The correction in the trajectory of the Mars Orbiter Mission (MoM) is required to keep the power supply strong during a long-duration eclipse - caused by shadow of Mars falling on it for 7-8 hours - so that it could continue to function longer, he said.
"The long-duration eclipse period (in January) could cripple the satellite if no corrections are done because the battery cannot support long-duration eclipse," Mr Kumar said.
He delivered a lecture at IIT-Gandhinagar as a part of the institute's Roddam Narasimha Distinguished Lecture series. He spoke about the MoM during the lecture, and also afterwards when speaking to reporters.
"Once it (correction) is done, the satellite can last for many years and we can study multiple season activities on the Mars...Originally we had not anticipated this situation. The course correction will reduce the effect of the eclipse by half so that the battery could sustain it," he said.
"While we started, it was a basic mission of only six months. On September 24, we would be completing two years and we still have all the fuels and all the systems working on it, providing information from all five payloads for many years to come," Mr Kumar said.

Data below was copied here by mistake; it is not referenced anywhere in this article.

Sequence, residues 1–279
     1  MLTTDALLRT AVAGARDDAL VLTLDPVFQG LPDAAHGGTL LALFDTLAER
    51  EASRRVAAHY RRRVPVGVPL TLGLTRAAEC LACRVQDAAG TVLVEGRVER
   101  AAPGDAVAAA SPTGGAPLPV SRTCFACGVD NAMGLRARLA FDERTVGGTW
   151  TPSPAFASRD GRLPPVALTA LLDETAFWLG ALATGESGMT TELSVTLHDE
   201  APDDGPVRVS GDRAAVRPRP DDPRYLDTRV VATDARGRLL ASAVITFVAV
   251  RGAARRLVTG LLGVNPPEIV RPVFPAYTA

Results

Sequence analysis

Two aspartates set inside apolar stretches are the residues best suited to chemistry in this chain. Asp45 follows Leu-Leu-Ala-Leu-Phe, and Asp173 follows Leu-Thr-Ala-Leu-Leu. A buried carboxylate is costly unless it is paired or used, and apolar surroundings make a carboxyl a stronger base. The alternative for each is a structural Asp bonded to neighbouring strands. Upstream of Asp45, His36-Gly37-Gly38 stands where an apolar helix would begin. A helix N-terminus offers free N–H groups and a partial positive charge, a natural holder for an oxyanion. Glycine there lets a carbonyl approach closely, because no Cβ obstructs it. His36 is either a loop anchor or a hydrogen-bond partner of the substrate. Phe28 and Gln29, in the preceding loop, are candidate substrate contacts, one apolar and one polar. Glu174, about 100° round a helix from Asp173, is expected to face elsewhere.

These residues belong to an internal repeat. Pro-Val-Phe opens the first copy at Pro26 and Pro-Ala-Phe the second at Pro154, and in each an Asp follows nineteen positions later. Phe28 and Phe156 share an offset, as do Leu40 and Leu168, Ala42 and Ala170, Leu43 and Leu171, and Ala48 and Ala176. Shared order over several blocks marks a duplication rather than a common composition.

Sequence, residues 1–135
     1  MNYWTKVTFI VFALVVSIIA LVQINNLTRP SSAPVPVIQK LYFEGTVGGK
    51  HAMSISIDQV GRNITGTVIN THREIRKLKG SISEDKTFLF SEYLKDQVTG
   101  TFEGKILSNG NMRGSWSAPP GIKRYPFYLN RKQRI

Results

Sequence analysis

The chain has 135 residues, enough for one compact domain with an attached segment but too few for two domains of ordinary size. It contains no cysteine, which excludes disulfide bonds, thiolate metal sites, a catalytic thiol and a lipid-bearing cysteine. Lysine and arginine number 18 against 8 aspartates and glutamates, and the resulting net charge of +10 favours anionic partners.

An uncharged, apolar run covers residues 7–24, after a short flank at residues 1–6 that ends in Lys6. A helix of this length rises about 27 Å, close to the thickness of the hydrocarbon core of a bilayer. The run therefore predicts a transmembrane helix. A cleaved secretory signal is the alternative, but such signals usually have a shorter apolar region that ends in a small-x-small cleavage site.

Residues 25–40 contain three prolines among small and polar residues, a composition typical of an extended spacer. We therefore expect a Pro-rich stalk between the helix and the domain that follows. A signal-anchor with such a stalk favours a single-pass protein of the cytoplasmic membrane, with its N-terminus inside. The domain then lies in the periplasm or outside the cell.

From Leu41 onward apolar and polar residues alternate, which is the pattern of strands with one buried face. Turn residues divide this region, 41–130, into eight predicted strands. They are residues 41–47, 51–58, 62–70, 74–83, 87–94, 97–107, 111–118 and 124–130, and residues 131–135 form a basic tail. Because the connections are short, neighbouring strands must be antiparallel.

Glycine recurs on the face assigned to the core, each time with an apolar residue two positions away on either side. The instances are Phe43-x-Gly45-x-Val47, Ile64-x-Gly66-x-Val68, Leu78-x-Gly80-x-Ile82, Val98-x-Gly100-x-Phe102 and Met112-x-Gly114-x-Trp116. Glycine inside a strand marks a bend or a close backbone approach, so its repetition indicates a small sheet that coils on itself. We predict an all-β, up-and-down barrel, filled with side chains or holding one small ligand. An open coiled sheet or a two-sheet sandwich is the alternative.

ISRO is also working on its second lunar mission spacecraft, Chandrayaan-II, he said.
"Unlike Chandrayaan-I, we have planned a controlled descent of Chandrayaan-II which we intend to put into orbit by the end of next year or early part of 2018....We have already done development of Rover and Liner. Rover engineering version is undergoing test," he said.
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